John and Ashely Marsh were $1.5 million in debt, $99,000 overdrawn, and three days from divorce. Ashely was involved in an affair, and John felt he had no hope. “I kept thinking, ‘Kill yourself, kill yourself.’ Yet God said, ‘Die to yourself,’” John said in a recent interview. “The life I was living wasn’t worth living. I was supposed to lay my life down, not take it.” But, he said, he knew he couldn’t do that on his own.
“I told God, ‘You have set an unrealistic expectation for me. If love is what you expect from me, I’m sunk,’” he said. But according to John, that’s when God spoke back, showing him that the love he’s called to is not from him but for him: “I’m going to be patient, kind, long suffering, full of hope and belief that’s who I’m going to be to you.”
This reformed and transformed both John and Ashley; it saved their marriage and set them on a new trajectory.
“We are the governors of God’s goodness and power, ambassadors of hope,” John said. “To the amount you receive love, you can give it away. To the amount that you receive forgiveness, you can give it away.”
Sharing their story of restoration was the impetus for the business they soon began: the Marsh Collective, an Opelika, Alabama, group that works with real estate and community development, both through traditional investment and entrepreneurship.
Through the Marsh Collective, the Marshes have now helped start more than 60 businesses and have restored and renovated 280 buildings in their hometown of Opelika. Here’s how it works: As they evaluate a city — first just Opelika, now a dozen cities — they examine three states of vulnerability: economic vulnerability, relational vulnerability, and spiritual vulnerability. Then they look at who the objects of that vulnerability are. What they discover in this process is deeply integral to the way they approach a city’s development.
For example, “If you’re economically poor, you’re living paycheck to paycheck. If you’re wealthy, you have reserves and can pay your bills. If you’re flourishing, you have enough, and the excess you have, you put at risk to help others.” And further, “If you’re wealthy relationally, you have a network of meaningful relationships, and if you’re flourishing, you’re helping others to be and do their best.”
The Marshes’ approach asks questions to analyze the whole life of a community and its barriers to flourishing. When they’re partnering with a church through the Marsh Collective, John asks one other profound question: “What’s the one thing you could do for the good of your city that, 50 years from now, cannot be undone?”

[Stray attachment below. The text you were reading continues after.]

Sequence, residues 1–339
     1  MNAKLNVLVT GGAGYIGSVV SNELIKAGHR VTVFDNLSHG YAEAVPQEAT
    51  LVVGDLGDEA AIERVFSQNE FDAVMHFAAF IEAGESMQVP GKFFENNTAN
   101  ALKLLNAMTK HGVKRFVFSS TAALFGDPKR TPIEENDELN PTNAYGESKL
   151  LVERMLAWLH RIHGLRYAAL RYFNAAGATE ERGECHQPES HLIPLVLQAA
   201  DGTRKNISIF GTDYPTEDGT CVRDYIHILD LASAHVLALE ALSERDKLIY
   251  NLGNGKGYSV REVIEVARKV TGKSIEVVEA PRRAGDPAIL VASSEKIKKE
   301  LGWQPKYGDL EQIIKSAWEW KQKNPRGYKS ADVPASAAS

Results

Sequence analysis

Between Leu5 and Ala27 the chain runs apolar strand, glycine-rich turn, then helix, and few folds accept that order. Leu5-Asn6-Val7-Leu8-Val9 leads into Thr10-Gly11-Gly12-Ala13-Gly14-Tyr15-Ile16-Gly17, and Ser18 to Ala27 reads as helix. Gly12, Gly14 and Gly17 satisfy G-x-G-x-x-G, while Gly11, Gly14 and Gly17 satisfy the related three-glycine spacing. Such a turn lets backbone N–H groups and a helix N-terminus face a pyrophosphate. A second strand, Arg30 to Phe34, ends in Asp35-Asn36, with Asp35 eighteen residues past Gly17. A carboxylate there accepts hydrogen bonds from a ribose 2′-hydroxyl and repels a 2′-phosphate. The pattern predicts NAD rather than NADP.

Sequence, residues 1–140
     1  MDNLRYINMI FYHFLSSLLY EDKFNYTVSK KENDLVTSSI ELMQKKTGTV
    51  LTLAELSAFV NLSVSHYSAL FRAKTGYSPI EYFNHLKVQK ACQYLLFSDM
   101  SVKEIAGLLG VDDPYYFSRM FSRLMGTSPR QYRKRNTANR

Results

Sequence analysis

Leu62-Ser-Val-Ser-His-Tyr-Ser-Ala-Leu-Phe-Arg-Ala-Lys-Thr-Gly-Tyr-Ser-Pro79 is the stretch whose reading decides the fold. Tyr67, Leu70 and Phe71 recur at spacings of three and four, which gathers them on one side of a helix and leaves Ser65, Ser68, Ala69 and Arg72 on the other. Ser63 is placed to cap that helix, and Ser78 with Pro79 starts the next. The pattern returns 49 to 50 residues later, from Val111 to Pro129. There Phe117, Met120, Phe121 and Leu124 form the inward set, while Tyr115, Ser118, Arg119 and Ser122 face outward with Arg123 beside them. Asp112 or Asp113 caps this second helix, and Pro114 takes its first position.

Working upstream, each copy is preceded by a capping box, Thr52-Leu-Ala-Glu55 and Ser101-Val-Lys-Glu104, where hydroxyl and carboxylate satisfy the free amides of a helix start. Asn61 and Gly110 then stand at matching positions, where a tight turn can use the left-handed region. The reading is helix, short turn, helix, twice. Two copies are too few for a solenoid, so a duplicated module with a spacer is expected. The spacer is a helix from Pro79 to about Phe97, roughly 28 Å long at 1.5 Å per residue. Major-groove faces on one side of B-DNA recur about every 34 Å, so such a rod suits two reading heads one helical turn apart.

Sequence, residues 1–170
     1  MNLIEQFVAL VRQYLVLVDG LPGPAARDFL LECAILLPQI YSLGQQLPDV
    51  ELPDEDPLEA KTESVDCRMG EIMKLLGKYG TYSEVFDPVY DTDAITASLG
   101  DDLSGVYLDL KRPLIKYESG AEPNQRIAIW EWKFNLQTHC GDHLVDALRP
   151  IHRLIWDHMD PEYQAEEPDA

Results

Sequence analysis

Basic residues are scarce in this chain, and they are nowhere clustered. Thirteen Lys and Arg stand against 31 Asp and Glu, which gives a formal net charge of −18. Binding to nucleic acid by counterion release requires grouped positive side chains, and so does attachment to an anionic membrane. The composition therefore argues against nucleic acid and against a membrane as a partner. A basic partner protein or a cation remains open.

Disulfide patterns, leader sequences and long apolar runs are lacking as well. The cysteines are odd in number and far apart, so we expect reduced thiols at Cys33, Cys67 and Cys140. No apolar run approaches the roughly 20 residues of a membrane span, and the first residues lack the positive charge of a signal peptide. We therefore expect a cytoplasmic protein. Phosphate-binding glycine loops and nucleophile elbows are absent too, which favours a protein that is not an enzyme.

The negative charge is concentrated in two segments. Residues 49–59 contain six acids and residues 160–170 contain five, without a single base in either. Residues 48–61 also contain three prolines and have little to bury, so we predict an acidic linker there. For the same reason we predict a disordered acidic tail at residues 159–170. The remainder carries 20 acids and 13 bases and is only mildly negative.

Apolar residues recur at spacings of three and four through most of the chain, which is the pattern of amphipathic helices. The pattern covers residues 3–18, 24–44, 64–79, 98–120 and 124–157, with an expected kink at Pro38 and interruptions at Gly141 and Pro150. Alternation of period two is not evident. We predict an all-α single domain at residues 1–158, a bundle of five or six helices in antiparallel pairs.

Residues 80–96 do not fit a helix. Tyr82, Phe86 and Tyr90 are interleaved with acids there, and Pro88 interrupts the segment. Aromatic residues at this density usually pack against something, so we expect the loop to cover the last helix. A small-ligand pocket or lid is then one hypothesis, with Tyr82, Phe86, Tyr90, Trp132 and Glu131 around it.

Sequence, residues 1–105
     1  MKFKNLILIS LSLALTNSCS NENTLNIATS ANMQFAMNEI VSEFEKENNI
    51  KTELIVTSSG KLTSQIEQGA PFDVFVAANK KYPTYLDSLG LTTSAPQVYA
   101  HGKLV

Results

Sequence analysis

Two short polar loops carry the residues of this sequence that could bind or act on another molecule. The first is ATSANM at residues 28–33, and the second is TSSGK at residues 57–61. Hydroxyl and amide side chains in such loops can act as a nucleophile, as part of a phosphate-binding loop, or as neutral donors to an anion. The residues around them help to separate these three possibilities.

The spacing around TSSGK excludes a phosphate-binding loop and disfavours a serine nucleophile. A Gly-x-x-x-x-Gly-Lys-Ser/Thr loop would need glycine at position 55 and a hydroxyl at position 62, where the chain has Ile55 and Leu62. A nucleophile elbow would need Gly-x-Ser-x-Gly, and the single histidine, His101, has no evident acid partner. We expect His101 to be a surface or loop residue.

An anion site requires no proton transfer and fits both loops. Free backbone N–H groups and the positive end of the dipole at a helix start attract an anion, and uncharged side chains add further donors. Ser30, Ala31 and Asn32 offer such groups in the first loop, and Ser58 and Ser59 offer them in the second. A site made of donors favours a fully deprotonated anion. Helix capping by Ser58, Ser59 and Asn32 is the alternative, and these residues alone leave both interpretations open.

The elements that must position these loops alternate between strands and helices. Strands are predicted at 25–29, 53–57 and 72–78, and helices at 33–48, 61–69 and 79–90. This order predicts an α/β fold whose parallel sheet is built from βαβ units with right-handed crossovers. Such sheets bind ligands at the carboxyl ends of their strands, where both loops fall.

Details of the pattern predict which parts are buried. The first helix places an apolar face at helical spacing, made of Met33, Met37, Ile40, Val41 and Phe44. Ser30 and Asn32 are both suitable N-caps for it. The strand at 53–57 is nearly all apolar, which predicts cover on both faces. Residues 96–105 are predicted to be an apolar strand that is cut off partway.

John and Ashely say that it was very clear to them that the mission God was calling them to was for the redemption of both people and places. They figured if God could take their crumbling lives and bring beauty from them, then God could use them to restore these old neighborhoods, bringing beauty out of brokenness in real estate, too.
They started with residential homes. In Opelika, the Marshes had long noticed the neighborhood around them, many of the historic homes in desperate need of repair. The earliest days of the Marsh Collective were spent here, the work spent on restoring and renovating abandoned homes on unloved streets.
Then they expanded the work downtown. Opelika’s downtown wasn’t exactly thriving, and a significant instance of violence in the area further hindered people from living, working, or playing there. So the Marshes decided to shift their focus from residential streets to Opelika’s bleak downtown.
John recalled when they decided to do something about the city’s decline: “If you keep thinking that somebody ought to … you may be the somebody.”
“We thought, What would love look like if it showed up here? We started seeing guys get restored because we’d put them with guys who had been restored.” John said. “Everybody wants to be loved, wants to be seen.”
When it came to the business itself, from the beginning, the Marshes had this vision of a workplace where people could receive love through stability, friendship, and respect. So the Marshes were purposeful in their hiring, opening the work opportunity to imprisoned men who participated in a work-release program.
“I’d pick them up at 5 a.m. and take them back at 5 p.m,” explained John. “We would do all we could in that time to make the houses more beautiful. When stuff is so junky that nobody cares, everything you do makes it better.” Of course, they would soon make downtown Opelika more beautiful, too.
As the Marshes restored the buildings of their city, God began to rebuild relationships in Opelika as well. And then, as God often does with good work, he began to multiply it. People all over the country began noticing the restoration taking place in Opelika through the vision of the Marsh Collective, and people began to call, asking how John and Ashely were working toward the holistic restoration in Opelika, and asking how they might replicate that work in their own cities.
When the people who have the least can experience the most, John says, then a place is flourishing. But defining flourishing is multi-faceted. Flourishing has to do with economic, relational, and spiritual health. Like a marriage, which is how the Marshes discovered they needed to address the many aspects of a place, not just the structures that stood there.